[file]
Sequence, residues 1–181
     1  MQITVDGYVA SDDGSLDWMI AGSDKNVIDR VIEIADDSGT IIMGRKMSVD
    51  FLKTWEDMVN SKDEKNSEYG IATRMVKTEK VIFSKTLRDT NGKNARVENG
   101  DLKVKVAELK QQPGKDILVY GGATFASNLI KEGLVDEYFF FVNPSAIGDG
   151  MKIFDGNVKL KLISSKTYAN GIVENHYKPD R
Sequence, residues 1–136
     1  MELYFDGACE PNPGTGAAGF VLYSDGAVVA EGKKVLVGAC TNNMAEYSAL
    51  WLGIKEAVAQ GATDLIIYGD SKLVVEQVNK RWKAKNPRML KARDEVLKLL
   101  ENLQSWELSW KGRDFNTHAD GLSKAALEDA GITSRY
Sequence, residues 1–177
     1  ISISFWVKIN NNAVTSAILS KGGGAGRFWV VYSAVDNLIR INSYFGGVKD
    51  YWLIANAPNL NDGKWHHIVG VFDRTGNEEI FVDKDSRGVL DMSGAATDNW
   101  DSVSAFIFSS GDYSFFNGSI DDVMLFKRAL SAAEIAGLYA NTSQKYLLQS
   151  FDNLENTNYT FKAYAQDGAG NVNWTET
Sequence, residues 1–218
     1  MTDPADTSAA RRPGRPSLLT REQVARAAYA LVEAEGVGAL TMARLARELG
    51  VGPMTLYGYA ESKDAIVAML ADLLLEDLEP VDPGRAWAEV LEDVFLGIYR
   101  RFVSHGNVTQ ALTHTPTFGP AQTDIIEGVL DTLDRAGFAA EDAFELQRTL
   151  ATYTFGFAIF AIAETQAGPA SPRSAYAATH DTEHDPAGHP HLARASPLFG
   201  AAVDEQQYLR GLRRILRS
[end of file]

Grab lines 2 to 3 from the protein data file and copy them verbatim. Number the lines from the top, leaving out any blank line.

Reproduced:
     1  MQITVDGYVA SDDGSLDWMI AGSDKNVIDR VIEIADDSGT IIMGRKMSVD
    51  FLKTWEDMVN SKDEKNSEYG IATRMVKTEK VIFSKTLRDT NGKNARVENG